V̇e-V̇co2Relationship in Transient Responses to Step-Load Exercise from Rest to Recovery
The ventilatory responses to dynamic leg exercise did not differ between voluntary and electrically induced exercise, and a significant correlation between pulmonary ventilation (V̇e) and carbon dioxide output (V̇co 2) was observed consistently during the two types of exercise (1). It was also reported that a close V̇e-V̇co 2relationship was maintained under the nonsteady-state conditions, i.e. during exercise with sinusoidal variations in limb movement frequency (3) and during recovery with and without limb movement from exercise (14). However, during incremental-load cycling exercise below the point of respiratory compensation, the slope of the V̇e-V̇co 2relationship at a pedaling rate of 60 rpm was steeper than that at 30 rpm (15). These results suggest that in addition to humoral stimuli, neural stimuli originating from the cortical and subcortical regions and/or from contracting muscles are involved in the control of exercise hyperpnea in the non-steady-state. It has been proposed that both the centrally-generated commands and the afferent signals from the contracting muscles to the respiratory control center are eliminated and/or reduced during stationary rest. In an earlier study (14), we examined the hypothesis that if both the central command and muscle mechanoreflex neural drives play an important role in ventilatory responses to exercise, these responses should be exaggerated out of proportion to metabolism through the associated CO2production during active recovery compared to during passive recovery. Consequently, we failed to ascertain the importance of the neural drives contributing to the ventilatory responses, since the tight coupling of V̇e-V̇co 2relationship was almost identical between the two recoveries.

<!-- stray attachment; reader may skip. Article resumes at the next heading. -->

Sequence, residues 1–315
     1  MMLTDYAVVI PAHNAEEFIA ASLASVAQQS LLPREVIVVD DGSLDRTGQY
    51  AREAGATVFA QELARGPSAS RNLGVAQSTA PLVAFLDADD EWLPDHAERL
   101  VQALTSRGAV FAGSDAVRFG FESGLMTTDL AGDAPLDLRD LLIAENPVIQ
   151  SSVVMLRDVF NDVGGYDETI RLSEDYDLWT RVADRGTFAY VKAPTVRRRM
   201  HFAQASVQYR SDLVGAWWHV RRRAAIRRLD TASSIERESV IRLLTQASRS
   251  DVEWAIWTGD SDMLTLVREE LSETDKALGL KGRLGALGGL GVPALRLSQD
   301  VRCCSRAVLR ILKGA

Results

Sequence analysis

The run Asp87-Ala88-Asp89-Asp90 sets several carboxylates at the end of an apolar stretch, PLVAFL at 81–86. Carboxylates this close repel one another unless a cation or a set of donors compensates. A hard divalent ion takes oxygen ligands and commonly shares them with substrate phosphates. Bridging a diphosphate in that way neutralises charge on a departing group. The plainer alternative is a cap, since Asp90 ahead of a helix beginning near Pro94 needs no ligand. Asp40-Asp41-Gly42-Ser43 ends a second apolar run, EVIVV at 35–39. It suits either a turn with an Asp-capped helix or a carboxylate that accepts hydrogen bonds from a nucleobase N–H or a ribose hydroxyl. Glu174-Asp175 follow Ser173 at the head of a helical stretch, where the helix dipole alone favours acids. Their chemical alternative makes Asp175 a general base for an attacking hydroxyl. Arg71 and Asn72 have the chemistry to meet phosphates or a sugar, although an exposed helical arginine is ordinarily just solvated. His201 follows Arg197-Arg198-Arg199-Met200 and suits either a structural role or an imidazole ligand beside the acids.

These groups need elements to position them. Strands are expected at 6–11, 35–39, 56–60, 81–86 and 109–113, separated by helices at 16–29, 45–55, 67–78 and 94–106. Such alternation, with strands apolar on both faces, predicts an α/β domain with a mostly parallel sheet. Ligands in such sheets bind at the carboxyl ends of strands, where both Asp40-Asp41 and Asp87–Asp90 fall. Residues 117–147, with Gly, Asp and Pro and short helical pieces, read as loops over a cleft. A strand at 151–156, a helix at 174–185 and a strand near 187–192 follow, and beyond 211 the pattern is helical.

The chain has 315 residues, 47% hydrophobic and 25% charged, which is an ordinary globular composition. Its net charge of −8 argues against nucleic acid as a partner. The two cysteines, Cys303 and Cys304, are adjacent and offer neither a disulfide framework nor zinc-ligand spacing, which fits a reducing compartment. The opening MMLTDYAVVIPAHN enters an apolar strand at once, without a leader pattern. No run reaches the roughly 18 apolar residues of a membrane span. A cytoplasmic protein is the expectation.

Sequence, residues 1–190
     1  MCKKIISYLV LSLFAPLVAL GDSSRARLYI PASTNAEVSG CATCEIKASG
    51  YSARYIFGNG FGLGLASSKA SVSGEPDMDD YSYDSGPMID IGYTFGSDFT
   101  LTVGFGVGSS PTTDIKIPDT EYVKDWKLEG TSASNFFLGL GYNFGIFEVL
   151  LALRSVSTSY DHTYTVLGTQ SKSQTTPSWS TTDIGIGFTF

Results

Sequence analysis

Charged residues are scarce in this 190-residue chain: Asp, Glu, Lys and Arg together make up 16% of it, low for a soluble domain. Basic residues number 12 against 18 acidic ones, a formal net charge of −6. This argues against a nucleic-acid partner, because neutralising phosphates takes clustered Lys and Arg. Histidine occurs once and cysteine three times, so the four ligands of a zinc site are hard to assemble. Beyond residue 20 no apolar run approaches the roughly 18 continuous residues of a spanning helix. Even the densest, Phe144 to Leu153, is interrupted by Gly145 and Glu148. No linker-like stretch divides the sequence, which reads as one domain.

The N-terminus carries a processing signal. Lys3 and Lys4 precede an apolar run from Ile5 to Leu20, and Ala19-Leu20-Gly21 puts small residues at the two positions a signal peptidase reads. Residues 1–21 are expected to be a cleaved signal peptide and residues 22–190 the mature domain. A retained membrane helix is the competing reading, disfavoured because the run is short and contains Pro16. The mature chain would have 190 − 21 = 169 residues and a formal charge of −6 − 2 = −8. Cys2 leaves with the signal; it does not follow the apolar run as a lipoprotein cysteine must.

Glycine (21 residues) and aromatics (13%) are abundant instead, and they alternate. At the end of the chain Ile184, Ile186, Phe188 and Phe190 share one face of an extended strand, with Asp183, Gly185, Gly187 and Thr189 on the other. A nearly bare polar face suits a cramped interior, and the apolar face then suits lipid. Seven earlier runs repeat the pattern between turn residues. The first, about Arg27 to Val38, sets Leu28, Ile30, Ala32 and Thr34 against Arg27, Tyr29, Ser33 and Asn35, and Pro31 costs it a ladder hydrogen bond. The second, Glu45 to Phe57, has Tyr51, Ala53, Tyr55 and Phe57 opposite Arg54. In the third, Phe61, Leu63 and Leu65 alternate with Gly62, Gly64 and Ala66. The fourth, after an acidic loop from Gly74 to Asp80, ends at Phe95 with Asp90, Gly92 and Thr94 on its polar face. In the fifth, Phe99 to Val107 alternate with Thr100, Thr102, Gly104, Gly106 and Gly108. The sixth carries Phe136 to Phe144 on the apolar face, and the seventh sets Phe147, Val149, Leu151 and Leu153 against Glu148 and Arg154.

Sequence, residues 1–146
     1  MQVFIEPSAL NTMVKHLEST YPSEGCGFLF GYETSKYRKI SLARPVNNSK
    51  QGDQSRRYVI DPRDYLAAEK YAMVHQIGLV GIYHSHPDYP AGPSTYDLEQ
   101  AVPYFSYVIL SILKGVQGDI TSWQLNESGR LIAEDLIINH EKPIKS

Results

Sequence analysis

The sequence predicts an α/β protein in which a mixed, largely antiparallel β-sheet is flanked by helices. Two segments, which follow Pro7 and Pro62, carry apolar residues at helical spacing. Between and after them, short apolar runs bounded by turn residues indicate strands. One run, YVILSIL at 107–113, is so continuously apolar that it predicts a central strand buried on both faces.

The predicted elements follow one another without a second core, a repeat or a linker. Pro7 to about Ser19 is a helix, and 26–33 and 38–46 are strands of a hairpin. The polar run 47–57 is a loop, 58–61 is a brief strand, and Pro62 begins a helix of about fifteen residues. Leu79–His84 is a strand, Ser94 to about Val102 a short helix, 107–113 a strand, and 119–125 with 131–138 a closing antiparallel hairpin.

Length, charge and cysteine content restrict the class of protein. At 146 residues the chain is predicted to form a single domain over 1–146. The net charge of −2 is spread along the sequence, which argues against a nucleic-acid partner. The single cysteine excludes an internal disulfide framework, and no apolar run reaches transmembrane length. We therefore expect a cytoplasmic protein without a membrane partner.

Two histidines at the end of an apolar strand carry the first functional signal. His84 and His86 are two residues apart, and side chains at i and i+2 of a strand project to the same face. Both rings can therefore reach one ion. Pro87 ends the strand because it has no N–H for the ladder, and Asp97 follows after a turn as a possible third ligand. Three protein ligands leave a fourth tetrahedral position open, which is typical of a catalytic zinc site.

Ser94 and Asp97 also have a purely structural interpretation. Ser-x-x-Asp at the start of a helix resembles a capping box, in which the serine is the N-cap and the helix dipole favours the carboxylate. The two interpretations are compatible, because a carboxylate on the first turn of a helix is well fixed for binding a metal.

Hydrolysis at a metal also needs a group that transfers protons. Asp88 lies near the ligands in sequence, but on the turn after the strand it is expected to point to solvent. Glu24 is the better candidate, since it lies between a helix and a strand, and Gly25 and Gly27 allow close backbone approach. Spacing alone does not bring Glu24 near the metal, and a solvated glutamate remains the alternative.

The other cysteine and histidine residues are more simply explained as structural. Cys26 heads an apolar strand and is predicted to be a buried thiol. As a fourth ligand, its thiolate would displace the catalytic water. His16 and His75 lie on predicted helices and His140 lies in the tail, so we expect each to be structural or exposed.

KeywordsVentilatory Response Contracting Muscle Central Command Neural Drive Pedal Rate
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